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Pathological Altruism$
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Barbara Oakley, Ariel Knafo, Guruprasad Madhavan, and David Sloan Wilson

Print publication date: 2011

Print ISBN-13: 9780199738571

Published to Oxford Scholarship Online: January 2012

DOI: 10.1093/acprof:oso/9780199738571.001.0001

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Self-addiction and Self-righteousness 1

Self-addiction and Self-righteousness 1

Chapter:
Chapter 5 Self-addiction and Self-righteousness1
Source:
Pathological Altruism
Author(s):

David Brin

Publisher:
Oxford University Press
DOI:10.1093/acprof:oso/9780199738571.003.0062

The word “addiction” appears to limit our perception of a much wider realm—general behavioral reinforcement within the human brain. If neurochemical processes reinforce “good” habits such as love, loyalty, and joy in music or skill, then addiction should be studied in a larger context of both harmful and wholesome reinforcement triggers, their commonalities and differences. Self-righteousness and indignation may sometimes become pernicious addictive habits, arising as much from chemical need as from valid concerns about unfair actions. Among other outcomes, this may cause pathologically altruistic behavior. Indignation addiction may underpin the obstinate behavior of those on both the far left and far right of the political spectrum. Moderate-progressives who seek problem-solving pragmatism may get a boost if it were openly demonstrated that the self-righteous mental state is reinforced chemically by hijacking internal addiction mechanisms.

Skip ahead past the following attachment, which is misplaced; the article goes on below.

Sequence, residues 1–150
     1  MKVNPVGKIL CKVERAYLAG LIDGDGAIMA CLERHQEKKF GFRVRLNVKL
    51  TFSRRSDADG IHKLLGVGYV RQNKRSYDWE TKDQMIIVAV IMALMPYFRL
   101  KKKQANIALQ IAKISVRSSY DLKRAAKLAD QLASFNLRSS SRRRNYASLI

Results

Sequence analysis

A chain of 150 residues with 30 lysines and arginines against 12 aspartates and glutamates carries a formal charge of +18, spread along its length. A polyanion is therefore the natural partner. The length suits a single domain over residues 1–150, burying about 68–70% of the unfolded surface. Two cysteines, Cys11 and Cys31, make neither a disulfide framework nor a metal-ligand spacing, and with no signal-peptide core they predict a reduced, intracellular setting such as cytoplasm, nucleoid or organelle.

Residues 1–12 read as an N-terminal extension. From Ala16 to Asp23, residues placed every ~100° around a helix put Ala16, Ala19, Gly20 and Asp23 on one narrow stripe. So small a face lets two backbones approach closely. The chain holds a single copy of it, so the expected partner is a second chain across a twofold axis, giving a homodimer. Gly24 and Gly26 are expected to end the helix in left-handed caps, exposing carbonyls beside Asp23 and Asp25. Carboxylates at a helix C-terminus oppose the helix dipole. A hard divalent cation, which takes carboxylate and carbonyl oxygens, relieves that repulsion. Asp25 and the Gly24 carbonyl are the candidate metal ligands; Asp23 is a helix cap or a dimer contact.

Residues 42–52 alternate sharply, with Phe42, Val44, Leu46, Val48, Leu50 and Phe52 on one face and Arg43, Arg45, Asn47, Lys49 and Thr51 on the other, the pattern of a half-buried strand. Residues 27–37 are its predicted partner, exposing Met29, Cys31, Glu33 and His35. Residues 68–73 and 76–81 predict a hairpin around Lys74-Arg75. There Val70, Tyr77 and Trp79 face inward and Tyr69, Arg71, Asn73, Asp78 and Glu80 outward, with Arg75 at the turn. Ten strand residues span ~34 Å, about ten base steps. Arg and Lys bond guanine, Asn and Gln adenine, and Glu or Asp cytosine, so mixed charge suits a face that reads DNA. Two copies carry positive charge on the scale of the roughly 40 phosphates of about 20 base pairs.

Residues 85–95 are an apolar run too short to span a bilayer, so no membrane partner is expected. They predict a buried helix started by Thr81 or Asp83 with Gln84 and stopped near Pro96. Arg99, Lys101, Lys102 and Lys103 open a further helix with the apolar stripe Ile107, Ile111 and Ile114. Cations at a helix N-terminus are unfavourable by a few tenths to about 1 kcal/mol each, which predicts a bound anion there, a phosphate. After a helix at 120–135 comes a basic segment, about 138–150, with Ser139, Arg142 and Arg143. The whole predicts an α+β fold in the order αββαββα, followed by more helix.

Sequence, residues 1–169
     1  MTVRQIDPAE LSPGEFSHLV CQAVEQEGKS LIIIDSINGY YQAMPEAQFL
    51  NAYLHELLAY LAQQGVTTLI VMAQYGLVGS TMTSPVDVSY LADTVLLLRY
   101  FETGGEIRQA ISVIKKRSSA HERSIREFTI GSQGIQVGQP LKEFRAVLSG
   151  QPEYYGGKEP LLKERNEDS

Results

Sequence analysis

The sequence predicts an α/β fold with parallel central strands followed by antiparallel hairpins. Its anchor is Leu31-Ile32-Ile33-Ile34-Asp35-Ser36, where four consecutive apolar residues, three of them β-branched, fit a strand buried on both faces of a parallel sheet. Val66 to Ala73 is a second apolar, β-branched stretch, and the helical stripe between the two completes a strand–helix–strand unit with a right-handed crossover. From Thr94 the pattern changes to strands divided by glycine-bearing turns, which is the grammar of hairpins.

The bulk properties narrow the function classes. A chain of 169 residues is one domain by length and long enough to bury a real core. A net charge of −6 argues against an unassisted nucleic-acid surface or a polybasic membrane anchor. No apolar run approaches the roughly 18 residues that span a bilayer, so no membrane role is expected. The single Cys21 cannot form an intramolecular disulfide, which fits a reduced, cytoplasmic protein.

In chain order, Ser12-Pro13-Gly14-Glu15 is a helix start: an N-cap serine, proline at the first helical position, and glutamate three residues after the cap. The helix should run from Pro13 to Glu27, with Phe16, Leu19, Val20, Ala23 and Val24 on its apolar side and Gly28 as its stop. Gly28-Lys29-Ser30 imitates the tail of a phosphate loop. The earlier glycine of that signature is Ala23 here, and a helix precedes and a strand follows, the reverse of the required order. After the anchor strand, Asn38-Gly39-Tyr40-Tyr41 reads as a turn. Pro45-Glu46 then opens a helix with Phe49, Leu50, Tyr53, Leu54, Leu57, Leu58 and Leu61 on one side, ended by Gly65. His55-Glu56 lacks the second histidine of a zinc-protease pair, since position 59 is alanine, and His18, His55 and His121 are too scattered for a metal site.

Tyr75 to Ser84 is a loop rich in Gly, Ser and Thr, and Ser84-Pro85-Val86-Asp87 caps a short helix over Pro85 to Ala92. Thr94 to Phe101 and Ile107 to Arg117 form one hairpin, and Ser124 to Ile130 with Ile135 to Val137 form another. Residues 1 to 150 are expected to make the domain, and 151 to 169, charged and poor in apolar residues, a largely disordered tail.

Keywords:   addiction, habit, indignation, pathological altruism, self-righteousness

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